Διὰ τοῦτο δύο ὦτα ἔχομεν, στόμα δὲ ἓν, ἵνα πλείω μὲν ἀκούωμεν, ἥττονα δὲ λέγωμεν. (The reason of our having two ears but only one mouth is that we may hear the more and speak the less).

ZENO (d. c. 260 B. C.)—(Diogenes, Laertius, Lives: Zeno, § 23). Δία τούτων ἔξω λόγος οὐκ ἐκπορεύεται.

(Through this no words go out.) At the Spartan public dinners it was the custom for the oldest person present, pointing to the door, to say

the above words to each man on entering. Plutarch, Lives: Lycurgus, xii. Cf. "Tell no tales out of school." (English Proverb).

Δός μοι ποῦ στῶ καὶ κινῶ τὴν γῆν. (Give me a standpoint, and I can move the earth). ARCHIMEDES (c. 287-212 B.C.) referring to the immense power of the lever. (Pappus Alexandrinus, Collectio lib. viii., 11, Prop. 10). Another version of Archimedes' saying is given in Plutarch's Life of Marcellus (Sxiv) : εἰ γῆν εἶχεν ἑτέραν, ἐκίνησεν ἂν ταύτην μεταβὰς εἰς ékeivηy (if he had another earth, by going into it he could remove this one). The 'lever of Archimedes' is hence used proverbially.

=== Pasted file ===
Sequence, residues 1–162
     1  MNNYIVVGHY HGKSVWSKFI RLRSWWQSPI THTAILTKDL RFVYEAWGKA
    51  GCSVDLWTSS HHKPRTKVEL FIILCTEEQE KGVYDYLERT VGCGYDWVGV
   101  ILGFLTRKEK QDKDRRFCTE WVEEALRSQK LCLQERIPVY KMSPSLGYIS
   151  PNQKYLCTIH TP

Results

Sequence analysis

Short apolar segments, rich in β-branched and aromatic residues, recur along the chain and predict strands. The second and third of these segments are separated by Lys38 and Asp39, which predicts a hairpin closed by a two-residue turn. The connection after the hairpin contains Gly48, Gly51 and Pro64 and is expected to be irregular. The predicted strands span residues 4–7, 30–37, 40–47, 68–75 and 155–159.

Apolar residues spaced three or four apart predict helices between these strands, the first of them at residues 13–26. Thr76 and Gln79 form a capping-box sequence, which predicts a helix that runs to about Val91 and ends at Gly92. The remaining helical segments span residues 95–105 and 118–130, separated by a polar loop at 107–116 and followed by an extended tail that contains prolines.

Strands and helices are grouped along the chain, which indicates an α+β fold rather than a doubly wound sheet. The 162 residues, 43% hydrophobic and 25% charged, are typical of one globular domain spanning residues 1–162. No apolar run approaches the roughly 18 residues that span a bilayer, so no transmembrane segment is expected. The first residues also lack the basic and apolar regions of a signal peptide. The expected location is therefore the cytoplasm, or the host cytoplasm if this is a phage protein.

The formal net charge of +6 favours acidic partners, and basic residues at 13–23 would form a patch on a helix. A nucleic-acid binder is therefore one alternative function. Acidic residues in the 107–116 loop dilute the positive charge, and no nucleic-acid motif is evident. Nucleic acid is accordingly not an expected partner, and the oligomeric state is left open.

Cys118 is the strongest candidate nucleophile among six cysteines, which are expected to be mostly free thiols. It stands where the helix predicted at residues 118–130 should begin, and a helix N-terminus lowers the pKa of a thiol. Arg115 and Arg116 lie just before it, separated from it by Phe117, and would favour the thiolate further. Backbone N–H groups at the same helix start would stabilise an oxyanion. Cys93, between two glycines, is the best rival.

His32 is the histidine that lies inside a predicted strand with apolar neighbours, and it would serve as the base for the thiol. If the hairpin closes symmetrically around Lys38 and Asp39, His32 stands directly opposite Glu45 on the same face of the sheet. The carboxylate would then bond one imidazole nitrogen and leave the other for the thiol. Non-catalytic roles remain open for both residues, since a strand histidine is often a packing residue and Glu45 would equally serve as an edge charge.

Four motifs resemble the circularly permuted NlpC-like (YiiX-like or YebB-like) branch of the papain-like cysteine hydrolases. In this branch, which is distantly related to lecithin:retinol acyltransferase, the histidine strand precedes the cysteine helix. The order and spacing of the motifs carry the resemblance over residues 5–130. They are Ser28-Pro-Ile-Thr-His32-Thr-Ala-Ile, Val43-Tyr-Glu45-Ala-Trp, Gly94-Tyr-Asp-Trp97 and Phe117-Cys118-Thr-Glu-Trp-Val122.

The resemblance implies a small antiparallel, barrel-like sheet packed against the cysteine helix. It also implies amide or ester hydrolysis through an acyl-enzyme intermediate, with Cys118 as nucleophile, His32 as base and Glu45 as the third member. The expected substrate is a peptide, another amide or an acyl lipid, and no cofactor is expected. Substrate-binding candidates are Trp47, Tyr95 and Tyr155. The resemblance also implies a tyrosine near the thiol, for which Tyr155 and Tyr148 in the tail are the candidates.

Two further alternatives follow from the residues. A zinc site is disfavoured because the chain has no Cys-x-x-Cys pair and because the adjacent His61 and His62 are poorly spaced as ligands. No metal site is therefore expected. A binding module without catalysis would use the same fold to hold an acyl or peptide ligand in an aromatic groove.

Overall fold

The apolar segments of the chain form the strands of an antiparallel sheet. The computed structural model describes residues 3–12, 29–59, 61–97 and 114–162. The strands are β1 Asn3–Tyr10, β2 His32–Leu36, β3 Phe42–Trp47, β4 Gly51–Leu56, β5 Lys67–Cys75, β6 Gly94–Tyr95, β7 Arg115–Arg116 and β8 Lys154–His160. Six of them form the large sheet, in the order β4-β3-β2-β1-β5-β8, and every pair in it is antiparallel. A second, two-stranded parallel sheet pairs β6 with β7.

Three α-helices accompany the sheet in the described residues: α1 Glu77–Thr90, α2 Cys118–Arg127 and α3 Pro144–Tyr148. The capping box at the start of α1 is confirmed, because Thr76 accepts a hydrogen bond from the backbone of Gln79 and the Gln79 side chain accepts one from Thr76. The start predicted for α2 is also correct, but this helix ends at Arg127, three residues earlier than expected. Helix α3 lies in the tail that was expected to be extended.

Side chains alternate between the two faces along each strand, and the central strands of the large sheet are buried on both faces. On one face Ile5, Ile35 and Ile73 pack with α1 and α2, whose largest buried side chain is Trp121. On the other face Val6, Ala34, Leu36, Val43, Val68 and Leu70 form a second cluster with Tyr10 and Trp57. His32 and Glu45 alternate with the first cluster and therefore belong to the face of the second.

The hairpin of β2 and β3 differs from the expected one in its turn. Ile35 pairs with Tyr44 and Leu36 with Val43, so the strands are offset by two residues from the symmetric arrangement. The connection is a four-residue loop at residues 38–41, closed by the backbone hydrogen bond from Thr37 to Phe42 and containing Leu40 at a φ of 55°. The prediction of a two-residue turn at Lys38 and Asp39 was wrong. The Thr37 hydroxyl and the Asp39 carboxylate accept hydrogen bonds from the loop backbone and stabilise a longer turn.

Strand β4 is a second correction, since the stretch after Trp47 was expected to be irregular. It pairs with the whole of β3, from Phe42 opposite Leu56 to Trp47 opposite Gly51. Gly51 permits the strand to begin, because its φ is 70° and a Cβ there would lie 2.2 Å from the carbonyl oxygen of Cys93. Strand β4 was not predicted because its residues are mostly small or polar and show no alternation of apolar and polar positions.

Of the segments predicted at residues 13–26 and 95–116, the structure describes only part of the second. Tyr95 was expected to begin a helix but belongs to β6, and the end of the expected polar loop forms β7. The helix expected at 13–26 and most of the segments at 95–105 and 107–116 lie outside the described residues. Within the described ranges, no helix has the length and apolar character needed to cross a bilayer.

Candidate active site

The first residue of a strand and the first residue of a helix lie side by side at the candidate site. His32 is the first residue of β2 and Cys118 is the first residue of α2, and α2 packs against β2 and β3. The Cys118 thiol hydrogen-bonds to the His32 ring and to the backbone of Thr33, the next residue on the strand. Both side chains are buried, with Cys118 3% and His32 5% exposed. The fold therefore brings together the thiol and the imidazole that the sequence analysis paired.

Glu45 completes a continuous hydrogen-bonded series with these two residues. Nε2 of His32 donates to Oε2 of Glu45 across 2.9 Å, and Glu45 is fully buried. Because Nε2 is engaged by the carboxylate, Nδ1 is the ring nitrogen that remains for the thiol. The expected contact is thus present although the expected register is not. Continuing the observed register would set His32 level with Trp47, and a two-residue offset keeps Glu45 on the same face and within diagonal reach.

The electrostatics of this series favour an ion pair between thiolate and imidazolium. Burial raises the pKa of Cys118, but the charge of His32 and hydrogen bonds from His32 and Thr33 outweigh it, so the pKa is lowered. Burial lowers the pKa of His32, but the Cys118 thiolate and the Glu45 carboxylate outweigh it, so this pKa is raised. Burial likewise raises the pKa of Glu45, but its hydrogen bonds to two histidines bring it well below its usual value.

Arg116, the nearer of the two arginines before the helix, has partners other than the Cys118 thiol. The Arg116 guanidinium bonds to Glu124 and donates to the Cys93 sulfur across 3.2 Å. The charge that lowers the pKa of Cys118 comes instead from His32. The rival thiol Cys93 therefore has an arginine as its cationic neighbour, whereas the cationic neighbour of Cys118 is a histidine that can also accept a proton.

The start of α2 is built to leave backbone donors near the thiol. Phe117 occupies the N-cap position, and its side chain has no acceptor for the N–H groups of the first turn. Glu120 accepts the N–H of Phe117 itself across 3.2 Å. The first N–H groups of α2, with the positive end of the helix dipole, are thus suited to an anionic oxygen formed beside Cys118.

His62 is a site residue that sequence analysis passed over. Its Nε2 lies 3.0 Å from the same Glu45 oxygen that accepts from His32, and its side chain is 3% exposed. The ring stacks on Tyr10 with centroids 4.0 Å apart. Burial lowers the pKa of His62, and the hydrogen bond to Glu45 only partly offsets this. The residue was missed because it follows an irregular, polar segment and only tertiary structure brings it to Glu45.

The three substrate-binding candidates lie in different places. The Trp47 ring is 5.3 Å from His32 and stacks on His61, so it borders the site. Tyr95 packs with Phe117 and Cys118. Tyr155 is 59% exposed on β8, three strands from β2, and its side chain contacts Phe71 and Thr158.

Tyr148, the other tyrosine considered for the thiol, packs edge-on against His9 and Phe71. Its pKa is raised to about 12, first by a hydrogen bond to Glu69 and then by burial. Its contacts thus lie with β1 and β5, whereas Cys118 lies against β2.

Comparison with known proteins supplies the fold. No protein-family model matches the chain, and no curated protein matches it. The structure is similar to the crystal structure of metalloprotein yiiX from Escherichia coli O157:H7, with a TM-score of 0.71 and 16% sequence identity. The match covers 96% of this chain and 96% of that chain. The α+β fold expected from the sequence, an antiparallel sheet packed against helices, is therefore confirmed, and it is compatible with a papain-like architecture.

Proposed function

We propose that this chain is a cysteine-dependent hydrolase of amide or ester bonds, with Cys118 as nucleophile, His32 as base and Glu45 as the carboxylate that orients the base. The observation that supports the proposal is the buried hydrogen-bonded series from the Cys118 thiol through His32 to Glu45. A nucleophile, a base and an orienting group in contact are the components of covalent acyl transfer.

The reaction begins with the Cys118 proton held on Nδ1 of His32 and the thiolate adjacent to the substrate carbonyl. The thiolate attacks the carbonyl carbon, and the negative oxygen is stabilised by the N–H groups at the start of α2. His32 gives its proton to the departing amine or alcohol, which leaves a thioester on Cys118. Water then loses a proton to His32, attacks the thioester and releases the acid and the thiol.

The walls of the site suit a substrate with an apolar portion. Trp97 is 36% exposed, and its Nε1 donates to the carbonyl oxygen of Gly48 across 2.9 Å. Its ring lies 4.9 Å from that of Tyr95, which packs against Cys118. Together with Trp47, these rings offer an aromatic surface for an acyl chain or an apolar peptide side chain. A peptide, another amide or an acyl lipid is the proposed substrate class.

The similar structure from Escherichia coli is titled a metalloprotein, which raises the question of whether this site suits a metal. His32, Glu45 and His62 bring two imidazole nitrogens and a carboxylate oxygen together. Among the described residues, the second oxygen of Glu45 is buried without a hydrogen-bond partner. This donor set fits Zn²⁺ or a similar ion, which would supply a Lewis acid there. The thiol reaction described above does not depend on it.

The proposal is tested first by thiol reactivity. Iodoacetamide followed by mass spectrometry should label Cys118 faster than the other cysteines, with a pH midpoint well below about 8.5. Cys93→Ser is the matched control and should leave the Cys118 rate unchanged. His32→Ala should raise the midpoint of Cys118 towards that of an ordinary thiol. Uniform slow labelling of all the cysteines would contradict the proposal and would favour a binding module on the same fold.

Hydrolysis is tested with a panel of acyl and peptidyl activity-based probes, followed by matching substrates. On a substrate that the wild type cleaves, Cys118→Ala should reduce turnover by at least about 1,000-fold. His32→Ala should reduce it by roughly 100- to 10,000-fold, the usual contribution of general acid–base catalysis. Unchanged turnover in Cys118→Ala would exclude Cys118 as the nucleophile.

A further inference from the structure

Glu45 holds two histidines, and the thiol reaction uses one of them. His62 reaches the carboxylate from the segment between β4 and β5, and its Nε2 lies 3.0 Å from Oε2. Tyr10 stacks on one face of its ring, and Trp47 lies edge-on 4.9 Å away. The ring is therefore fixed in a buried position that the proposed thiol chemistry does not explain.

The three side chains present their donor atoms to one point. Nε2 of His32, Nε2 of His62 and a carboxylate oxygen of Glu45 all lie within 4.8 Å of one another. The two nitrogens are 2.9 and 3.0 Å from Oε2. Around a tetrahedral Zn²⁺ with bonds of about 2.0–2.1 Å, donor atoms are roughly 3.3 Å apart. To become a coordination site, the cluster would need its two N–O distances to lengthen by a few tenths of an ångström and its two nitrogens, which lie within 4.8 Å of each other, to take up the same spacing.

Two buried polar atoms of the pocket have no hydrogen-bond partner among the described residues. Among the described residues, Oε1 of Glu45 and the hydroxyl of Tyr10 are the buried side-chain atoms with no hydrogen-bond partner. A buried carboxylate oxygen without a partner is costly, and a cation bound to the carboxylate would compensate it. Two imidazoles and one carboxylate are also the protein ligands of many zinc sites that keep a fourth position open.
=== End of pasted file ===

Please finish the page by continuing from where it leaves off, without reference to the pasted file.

Δοτέον Φωκίωνι ταύτην τὴν χάριν.

(We must grant this favour to Phocion).

ANTIPATER (390-319 B.C.) to Craterus, taking him by the hand. Phocion's request to the first-named was that he should remain where he was and arrange terms of peace. Craterus did not approve of this. (Plutarch, Lives: Phocion, xxvi).

Ἐγὼ γὰρ καὶ ταύτην εὐτυχῆ ποιήσω Ρωμαίοις τὴν ἡμέραν. (Well, I will make it a happy day for the Romans!)

LUCULLUS (c. 109-c. 57 B.C.) referring to the 6th October, which was considered an unlucky day. (Plutarch, Lives: Lucullus, xxvii). Ἐγὼ δὲ πολλῷ χρόνῳ. (I take a long time.)

ZEUXIS (b. c. 450 B.C), hearing Agatharchus, the painter, boast how rapidly he could produce a picture. (Plutarch, Lives: Pericles, xiii).

Ἐγὼ μὲν ἐβουλόμην παρὰ τούτοις εἶναι μᾶλλον πρῶτος ἢ παρὰ Ρωμαίοις δεύτερος. (I would

rather be the first man here than the second man in Rome). JULIUS CAESAR (100-44 B.C.)— when crossing the Alps on his way to Spain. Plutarch, Lives: Caesar, xi). Cf.

Tel brille au second rang qui s'éclipse au premier. (One shines in the second rank who is outshone in the first).

Voltaire, La Henriade, Chant i. "Enoav. (They have lived).

CICERO (106-43 B.C.) to the conspirators, who were waiting for the night, thinking that those who had been killed were still alive and might be rescued. He meant that they were alive no more, and so avoided a word of ill-omen, 'dead.' (Plutarch, Lives: Cicero, xxii). There is no Latin authority for the original word, 'vixerunt.'